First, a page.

COLUMBIA -- South Carolina's new voter photo identification law appears to be hitting black precincts in the state the hardest, according to an analysis by The Associated Press.

For instance, nearly half the voters who cast ballots at a historically black college in Columbia lack state-issued photo identification and could face problems voting in next year's presidential election, according to the analysis of precinct-level data provided by the State Election Commission.

The U.S. Justice Department has been reviewing the law for months under the federal Voting Rights Act.

South Carolina's photo identification law requires people to show a South Carolina driver's license or identification card, a military ID or passport when they vote. Without those forms of identification, they can still cast a provisional ballot or vote absentee.

The analysis shows that among the state's 2,134 precincts, there are 10 where nearly all of the law's affect falls on nonwhite voters who don't have a state- issued driver's license or ID card, a total of 1,977 voters.

The same holds true for white voters in a number of precincts, but the overall effect is much more spread out and involves fewer total voters: There are 44 precincts where only white voters are affected, or 1,831 people in all.

The precinct that votes at Benedict College's campus center has 2,790 voters, including nine white voters. In that precinct, 1,343 of the precinct's nonwhite voters lack state identification, but only five white voters do. The former group accounts for 48 percent of the precinct's voters.

Karen Rutherford has run voter registration efforts at the college for years. She said students had a tough time in the 2008 election as their IDs were challenged at the precinct. "A lot of the things they were doing were incorrect because they didn't want our students to vote," Rutherford said. "They were upset because someone was trying to take away their ability to vote."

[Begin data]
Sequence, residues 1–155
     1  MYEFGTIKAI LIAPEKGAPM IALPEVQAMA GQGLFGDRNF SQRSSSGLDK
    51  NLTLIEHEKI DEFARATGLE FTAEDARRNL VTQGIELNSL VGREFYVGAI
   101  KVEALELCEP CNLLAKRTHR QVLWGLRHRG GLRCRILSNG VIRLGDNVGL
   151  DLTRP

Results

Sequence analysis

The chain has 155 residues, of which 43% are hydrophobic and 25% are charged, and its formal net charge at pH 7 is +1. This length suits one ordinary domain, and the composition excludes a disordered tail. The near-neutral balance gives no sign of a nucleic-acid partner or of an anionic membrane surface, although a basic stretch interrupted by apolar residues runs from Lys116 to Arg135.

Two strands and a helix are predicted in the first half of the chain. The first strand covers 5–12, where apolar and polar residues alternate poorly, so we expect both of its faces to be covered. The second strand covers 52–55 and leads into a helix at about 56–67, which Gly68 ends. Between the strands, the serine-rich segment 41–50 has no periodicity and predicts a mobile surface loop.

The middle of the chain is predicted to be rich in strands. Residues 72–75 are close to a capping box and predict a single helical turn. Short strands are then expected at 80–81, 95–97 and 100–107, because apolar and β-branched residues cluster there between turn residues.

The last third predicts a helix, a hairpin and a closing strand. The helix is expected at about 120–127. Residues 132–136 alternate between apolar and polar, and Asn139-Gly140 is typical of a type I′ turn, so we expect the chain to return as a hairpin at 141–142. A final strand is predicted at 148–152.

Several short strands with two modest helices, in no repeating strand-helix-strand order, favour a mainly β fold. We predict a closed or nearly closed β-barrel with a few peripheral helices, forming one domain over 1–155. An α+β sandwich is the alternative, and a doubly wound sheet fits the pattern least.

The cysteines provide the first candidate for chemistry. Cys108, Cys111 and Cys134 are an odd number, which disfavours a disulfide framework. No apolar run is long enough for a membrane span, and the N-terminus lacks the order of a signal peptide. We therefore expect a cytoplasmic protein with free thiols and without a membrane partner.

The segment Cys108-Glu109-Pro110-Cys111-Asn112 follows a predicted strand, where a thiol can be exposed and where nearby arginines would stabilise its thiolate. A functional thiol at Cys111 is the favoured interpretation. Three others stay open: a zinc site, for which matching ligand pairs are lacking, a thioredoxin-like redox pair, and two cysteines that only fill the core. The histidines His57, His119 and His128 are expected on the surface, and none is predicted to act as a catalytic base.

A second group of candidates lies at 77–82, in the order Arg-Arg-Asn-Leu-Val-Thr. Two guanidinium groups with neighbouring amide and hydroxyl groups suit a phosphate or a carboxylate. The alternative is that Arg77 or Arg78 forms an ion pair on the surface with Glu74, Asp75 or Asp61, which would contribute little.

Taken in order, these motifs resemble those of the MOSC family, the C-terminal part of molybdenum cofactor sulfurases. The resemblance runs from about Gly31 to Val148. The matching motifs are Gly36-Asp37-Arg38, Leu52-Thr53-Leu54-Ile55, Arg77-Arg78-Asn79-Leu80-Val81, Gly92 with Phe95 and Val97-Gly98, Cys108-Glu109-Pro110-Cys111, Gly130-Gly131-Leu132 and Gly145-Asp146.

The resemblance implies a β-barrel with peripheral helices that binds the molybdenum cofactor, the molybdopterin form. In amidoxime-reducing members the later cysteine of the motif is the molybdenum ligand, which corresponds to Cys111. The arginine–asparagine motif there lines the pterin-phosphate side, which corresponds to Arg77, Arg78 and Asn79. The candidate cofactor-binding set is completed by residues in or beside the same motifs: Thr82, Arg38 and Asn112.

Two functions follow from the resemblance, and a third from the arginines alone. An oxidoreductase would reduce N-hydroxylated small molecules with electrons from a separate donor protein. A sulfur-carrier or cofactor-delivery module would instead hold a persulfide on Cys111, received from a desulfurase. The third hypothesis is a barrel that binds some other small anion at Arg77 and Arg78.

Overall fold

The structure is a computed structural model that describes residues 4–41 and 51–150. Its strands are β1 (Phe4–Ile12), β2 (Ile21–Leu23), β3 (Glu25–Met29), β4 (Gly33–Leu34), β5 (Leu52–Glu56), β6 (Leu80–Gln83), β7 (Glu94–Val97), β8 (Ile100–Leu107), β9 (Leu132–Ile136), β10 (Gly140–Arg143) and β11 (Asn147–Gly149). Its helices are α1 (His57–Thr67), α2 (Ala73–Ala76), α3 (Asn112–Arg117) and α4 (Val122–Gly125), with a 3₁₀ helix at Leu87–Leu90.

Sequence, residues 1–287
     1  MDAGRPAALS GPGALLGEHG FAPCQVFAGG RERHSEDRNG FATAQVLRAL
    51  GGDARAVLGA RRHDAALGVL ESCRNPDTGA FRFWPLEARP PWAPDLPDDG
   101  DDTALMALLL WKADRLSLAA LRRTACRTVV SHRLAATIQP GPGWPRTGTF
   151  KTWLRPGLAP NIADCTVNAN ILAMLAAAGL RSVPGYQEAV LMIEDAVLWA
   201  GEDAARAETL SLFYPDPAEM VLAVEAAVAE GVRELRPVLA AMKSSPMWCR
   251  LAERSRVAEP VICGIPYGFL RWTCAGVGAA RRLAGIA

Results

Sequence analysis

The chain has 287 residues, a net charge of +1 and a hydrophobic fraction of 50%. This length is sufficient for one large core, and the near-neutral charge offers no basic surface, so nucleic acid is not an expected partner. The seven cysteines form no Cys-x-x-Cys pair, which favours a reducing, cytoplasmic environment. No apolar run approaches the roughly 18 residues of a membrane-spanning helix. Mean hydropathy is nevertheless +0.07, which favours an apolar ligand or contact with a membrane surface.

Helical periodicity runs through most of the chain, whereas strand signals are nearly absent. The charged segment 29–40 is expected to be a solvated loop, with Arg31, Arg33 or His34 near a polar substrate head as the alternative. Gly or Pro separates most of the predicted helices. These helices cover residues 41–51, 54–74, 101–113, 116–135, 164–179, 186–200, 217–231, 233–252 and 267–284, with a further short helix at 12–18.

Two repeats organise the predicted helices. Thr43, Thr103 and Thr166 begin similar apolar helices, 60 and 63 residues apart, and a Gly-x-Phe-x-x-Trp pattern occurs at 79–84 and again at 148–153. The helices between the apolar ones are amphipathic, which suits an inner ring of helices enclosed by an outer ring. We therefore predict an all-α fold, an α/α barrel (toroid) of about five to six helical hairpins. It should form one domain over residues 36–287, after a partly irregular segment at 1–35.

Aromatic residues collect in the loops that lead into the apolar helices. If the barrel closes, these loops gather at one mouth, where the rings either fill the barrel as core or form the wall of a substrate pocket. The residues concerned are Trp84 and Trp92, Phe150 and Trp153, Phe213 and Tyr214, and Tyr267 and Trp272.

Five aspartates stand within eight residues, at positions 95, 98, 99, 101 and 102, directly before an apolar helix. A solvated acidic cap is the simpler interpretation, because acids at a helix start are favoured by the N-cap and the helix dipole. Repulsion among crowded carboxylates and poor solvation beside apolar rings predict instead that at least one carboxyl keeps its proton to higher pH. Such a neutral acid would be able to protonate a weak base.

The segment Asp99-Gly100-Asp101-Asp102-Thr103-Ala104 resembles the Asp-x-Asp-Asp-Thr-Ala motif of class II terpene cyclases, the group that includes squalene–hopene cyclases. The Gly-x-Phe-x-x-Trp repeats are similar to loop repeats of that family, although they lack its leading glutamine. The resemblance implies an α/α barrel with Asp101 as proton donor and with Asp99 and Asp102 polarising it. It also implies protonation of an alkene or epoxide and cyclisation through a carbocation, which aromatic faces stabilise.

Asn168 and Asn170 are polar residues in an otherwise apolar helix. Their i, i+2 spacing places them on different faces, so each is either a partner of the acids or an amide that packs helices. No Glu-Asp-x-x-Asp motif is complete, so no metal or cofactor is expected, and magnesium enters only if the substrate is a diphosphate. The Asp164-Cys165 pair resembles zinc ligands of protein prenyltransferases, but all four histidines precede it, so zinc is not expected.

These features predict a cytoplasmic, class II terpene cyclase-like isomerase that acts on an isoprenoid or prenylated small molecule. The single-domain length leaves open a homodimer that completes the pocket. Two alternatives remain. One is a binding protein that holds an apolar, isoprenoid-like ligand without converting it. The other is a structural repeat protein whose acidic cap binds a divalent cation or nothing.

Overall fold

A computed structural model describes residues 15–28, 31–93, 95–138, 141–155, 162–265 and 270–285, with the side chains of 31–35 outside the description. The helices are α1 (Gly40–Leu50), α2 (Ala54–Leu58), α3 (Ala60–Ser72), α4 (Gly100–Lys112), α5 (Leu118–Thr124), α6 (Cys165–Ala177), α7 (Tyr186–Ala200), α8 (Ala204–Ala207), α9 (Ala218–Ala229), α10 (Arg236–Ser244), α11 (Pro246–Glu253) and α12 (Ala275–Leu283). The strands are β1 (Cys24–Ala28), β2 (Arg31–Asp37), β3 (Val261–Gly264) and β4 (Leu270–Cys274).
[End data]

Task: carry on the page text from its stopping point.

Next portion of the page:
Rutherford, whose son serves in the Legislature, said students have a tough time getting copies of birth certificates the state requires for ID cards and the law isn't needed. Even supporters of the legislation could not point to an instance of someone using another person's ID to vote twice. "Why we are doing this? It wasn't necessary," Rutherford said.

Benedict is not alone.

A precinct at South Carolina State University has 2,305 active voters, including 33 white voters. There, 800 nonwhite voters and 17 white voters there lack state IDs. More than a third of the voters in the precinct lack state photo identification.

State Democratic Party Chairman Dick Harpootlian said numbers show how bad the law is.

"This is electoral genocide," Harpootlian said. "This is disenfranchising huge groups of people who don't have the money to go get an ID card."

State Election Commission spokesman Chris Whitmire said results show the work ahead for the state.

"It means they would have to take some action to get proper ID," Whitmire said.

They'll still be able to vote absentee by mail, go to voter offices and get new voter registration cards with pictures or cast provisional ballots that require them to later produce the ID.

The state is offering free ID cards. To get those, people have to show documents that include their name, such as birth certificates, marriage or divorce records.

Republican Gov. Nikki Haley supports the law and offered voters without IDs free rides to state offices to get them last month.

The state law requires the commission to develop a list of names of people who lack state-issued identification. And the Justice Department has asked the state to document how it will reach out to those voters.

State Sen. Gerald Malloy, a Hartsville Democrat, has been working to keep the Justice Department from approving the legislation. "This type of analysis should have been done prior to submission to the Justice Department," Malloy said.

Previously-reported statewide numbers suggested that, overall, the law's impact would roughly affect white and nonwhite voters proportionally: 70 percent of the state's 2.7 million registered voters are white and 30 percent are non-white; 66 percent of the 216,596 active, registered voters without state-issued photo IDs are white and 34 percent nonwhite.

But stepping below the state-level numbers offers a much different picture: Lacking state-issued IDs are 11,087 nonwhite voters in Richland County, 5,385 in Charleston County and 4,544 in Orangeburg County. That means half the voters affected by the law in Richland County aren't white and in Orangeburg County it's 73 percent.

Whitmire said the state is preparing a new round of data for the Justice Department. Once that is submitted, the agency will have up to 60 days to respond. South Carolina's election law changes have to be cleared by federal authorities because of past voting rights abuses.